It was back in Year Nine when I first expressed a desire to take my art studies further. My teacher literally laughed at me. Since that moment, I’ve had to simply accept that being an artist is just not on the cards for me. Even today, ask anyone in the Time Out offices and they’ll tell you – my talents do not lie in artistry. (Just ask them about the sand snowman incident...)
None of it stops me from at least trying to creatively express myself through a range of mediums, however, whether it’s through sand sculptures or spray paint (no matter how much it probably should). This is how I end up, one sunny afternoon, with two extremely talented graffiti artists, trying my hand at (legally) tagging the walls of Adliya.
I’ve roped Mahmood (AKA HuviL) and Jamie (AKA EKS016) – two part-time street artists who have worked together to create some amazing pieces across Bahrain’s billboards, gyms and malls (to name a few) – into an afternoon of practising graffiti. Hadeel Eltayeb, the curator of Al Riwaq Art Space, is also with us, having kindly organised a public space where we can legally produce our work.
First, we all watch, mesmerised, as HuviL creates an incredible, exclusive piece of work for our cover feature (page 12) in just over two hours. And then it’s my turn to learn the art of tagging from the experts. How hard can it be, I think. It’s basically just writing your signature on a wall with spray paint, right? Wrong.
Despite the fact that even my bank had to call me back three times to repeat my signature, which wildly differed every time I scribbled it, I am foolishly optimistic about my career as a street artist. Your tag, I’m told, should be between three and five letters long and reflect who you are as an artist. These letters can be ones that just look good to you or have some sort of meaning and special significance in your life. So, with the help of Jamie, I carefully create my alter ego – Kty. I know. Pure genius.
“It takes years for graffiti artists to perfect their tag,” Jamie tells me. “It’s all about muscle memory.” And as we don’t have years until this magazine gets published, we decide he’ll design something off-the-cuff and I’ll attempt to copy it. What could go wrong?
He quickly sprays the wall and, within moments, there it is, my very own tag (which I personally feel really gets to the core of who I am as an artist…).
Then he puts a can in my hand...
“You need to hold it close to the wall,” he advises. “Don’t move your wrist,” he instructs. “You need to be at eye level with where you’re painting,” he explains. It’s all a bit too much information in one go and so I just start spraying haphazardly.
I admit, my very first attempt at being a graffiti artist is a complete and utter failure. I look across at HuviL’s piece (which passers-by have now started taking selfies beside) and I feel rather inadequate.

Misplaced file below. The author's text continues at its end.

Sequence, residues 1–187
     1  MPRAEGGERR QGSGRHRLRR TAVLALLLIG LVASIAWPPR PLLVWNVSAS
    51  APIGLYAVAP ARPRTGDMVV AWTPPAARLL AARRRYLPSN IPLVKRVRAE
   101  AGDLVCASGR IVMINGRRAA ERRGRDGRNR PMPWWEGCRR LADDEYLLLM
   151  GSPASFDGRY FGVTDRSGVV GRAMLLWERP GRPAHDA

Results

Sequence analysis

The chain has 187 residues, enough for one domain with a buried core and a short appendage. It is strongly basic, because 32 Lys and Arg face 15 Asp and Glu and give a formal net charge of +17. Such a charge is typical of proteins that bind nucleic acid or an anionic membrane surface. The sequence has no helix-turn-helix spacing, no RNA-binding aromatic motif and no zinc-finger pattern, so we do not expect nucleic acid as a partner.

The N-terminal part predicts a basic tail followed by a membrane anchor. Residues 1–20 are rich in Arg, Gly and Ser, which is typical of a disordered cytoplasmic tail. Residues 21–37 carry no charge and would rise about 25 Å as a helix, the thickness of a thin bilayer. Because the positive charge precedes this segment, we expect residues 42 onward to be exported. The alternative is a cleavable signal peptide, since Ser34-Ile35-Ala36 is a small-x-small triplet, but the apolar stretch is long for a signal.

Not one to quit so easily, however (I never gave up on that sand snowman, I’ll have you know), I grab another colour and start spraying.
My second tag might actually be worse than the first.
The problem is, I’m told, that I’m holding the can too far away from the wall and moving my wrist too much. I try again. I fail again. So Jamie gives me a different, glossier brand of paint and a smaller nozzle and I literally trace his original tag. Success! There it is. In bright red, shiny paint, my “other” name stands proud, vibrantly emblazoned on a poster board in a back alley of Adliya. It’s definitely up there on my list of Proudest Life Moments.
I then manage one more half-decent tag (again by tracing) before quickly reverting back to complete illegibility.
“To be fair, I’d be pretty worried if you got it within ten minutes,” says Jamie, encouragingly. He doesn’t need to make me feel better, though, as I’m pretty chuffed with my attempt (whether I should be or not is another matter entirely…). I take a quick snap and decide I’m going to track down my Year Nine art teacher. (Look at all that potential he stamped out with a mere snigger!) Or, on second thoughts, I might just send it to my mum. At least she won’t laugh... Right?
Follow the real artists on Instagram: @EKS016er and @huvil.
Four to try
Ways to practise art
Ez Art Studio
This independent studio in Jannusan is a great place to learn the arts of pottery and mosaic. Head over and get messy in the open studio or in one of the classes, which are available for both kids and adults.
Prices and timings vary. GPZ Compound, Jannusan, www.ezartpottery.com (17 591 585).
L'atelier Art Lounge
Sure, this place has a lot going on for kids, but that doesn't mean they don't cater to adults as well. Throughout the week there are classes in scrapbooking, drawing, mosaic and collage, plus more.
Prices and timings vary. Seef Mall, Seef, www.latelier-artlounge.com (17 551 144).
Whenever the fancy strikes, pop into this home-grown Seef shop, choose a piece of pottery and then paint it using the resources available. The team will then glaze and fire it and, in less than a week, you can take home your very own masterpiece to display proudly (or not).
Prices vary. Open daily 10am-10pm. Seef Mall, Seef, www.studioceramics.me (17 002 911).
More of a do-it-yourself-and-at-home artist? Then check out the art supplies selection at local store Things-To-Do. Its two branches in Budaiya and Riffa have almost anything any artist could want or need.
Open Sat-Thu 8am-12.30pm, 3.30pm-7pm. Budaiya Highway (17 590 409). Other location: Mashtan Avenue, Riffa.